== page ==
News and Commentary Archive

Explore recent scientific discoveries and news as well as CLBB events, commentary, and press.

Mission

The speed of technology in neuroscience as it impacts ethical and just decisions in the legal system needs to be understood by lawyers, judges, public policy makers, and the general public. The Massachusetts General Hospital Center for Law, Brain, and Behavior is an academic and professional resource for the education, research, and understanding of neuroscience and the law. Read more

Attention Bias to Emotional Faces Varies by IQ and Anxiety in Williams Syndrome

By Lauren M. McGrath, Joyce M. Oates, Yael G. Dai, Helen F. Dodd, Jessica WaxlerCaitlin C. Clements, Sydney Weill, Alison Hoffnagle, Erin Anderson, Rebecca MacRaeJennifer Mullett, Christopher J. McDougle, Barbara R. Pober, and Jordan W. Smoller | Journal of Autism and Developmental Disorders | February 17, 2016

Abstract:

Individuals with Williams syndrome (WS) often experience significant anxiety. A promising approach to anxiety intervention has emerged from cognitive studies of attention bias to threat. To investigate the utility of this intervention in WS, this study examined attention bias to happy and angry faces in individuals with WS (N = 46). Results showed a significant difference in attention bias patterns as a function of IQ and anxiety. Individuals with higher IQ or higher anxiety showed a significant bias toward angry, but not happy faces, whereas individuals with lower IQ or lower anxiety showed the opposite pattern. These results suggest that attention bias interventions to modify a threat bias may be most effectively targeted to anxious individuals with WS with relatively high IQ.

Read the entire paper here.

Anxiety in Youth at Clinical High Risk for Psychosis

By Laina McAusland, Lisa Buchy, Kristin S. Cadenhead, Tyrone D. Cannon, Barbara A. Cornblatt, Robert Heinssen, Thomas H. McGlashan, Diana O. Perkins, Larry J. Seidman, Ming T. Tsuang, Elaine F. Walker, Scott W. Woods, Carrie E. Bearden, Daniel H. Mathalon, and Jean Addington | Early Intervention in Psychiatry | October 12, 2015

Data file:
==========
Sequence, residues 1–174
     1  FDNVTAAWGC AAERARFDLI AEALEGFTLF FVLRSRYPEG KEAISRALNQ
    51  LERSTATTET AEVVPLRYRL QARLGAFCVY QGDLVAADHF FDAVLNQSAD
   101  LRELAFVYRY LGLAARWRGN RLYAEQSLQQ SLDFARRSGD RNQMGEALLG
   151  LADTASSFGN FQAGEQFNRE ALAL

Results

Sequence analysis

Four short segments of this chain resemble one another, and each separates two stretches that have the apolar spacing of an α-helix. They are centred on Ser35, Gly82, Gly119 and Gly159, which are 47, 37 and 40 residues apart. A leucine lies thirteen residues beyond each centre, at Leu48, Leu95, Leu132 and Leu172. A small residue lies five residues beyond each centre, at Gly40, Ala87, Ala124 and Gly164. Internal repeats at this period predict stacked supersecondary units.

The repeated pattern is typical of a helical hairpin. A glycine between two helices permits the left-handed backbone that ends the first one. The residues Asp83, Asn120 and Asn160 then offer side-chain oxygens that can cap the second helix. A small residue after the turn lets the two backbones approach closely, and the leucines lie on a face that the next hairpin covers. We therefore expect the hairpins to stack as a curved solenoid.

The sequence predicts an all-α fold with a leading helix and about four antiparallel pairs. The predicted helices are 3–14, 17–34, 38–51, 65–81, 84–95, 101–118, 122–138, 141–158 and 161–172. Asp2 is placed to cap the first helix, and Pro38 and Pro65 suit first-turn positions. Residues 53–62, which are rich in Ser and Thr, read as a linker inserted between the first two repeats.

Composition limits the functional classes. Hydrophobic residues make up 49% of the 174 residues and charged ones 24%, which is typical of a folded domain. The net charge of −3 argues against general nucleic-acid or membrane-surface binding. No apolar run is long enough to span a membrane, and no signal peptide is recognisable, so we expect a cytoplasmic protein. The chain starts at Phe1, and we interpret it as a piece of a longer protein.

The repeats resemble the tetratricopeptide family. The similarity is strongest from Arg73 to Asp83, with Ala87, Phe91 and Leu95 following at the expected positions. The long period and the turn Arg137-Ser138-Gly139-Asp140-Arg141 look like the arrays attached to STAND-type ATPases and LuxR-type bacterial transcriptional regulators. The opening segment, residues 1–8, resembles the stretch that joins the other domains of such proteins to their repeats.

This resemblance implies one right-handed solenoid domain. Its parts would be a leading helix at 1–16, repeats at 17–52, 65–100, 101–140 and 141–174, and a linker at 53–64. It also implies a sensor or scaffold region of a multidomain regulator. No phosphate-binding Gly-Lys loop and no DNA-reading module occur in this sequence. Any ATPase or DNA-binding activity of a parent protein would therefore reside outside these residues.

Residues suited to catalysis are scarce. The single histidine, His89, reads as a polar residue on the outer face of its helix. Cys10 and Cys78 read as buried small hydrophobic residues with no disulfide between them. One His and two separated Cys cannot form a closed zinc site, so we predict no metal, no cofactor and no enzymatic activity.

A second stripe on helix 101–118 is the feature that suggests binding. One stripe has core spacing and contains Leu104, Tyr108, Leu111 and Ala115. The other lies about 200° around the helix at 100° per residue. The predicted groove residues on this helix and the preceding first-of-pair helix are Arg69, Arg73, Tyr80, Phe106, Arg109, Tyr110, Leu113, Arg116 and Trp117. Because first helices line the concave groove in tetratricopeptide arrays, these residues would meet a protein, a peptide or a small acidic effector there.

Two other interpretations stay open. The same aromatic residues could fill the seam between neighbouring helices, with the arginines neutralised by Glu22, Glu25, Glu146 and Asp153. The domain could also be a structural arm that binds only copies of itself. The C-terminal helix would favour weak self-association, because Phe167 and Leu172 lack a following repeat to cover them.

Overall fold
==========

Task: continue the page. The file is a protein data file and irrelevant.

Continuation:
Abstract:

Aim

High rates of anxiety have been observed in youth at clinical high risk (CHR) of developing psychosis. In CHR, anxiety often co-occurs with depression, and there is inconsistent evidence on anxiety in relation to transition to psychosis. The aim of this study was to examine: (i) the prevalence of anxiety disorders in individuals at CHR; (ii) clinical differences between those with and without anxiety; and (iii) the association of baseline anxiety with later transition to psychosis.

Methods

The sample consisted of 765 CHR individuals and 280 healthy controls. CHR status was determined with the Structured Interview of Prodromal Syndromes, mood and anxiety diagnoses with the Structured Clinical Interview for DSM-IV Disorders, and severity of anxiety with the Social Interaction Anxiety Scale and Self-Rating Anxiety Scale.

Results

In the CHR sample, 51% met criteria for an anxiety disorder. CHR participants had significantly more anxiety diagnoses and severity than healthy controls. Anxiety was correlated to attenuated psychotic and negative symptoms in CHR and those with an anxiety disorder demonstrated more suspiciousness. CHR participants with obsessive–compulsive disorder (OCD) exhibited more severe symptomatology than those without OCD. An initial presentation of anxiety did not differ between those who did or did not transition to psychosis.

Conclusions

In this large sample of individuals at CHR, anxiety is common and associated with more severe attenuated psychotic symptoms. Treatment not only to prevent or delay transition to psychosis but also to address presenting concerns, such as anxiety, is warranted.

Read the entire paper here.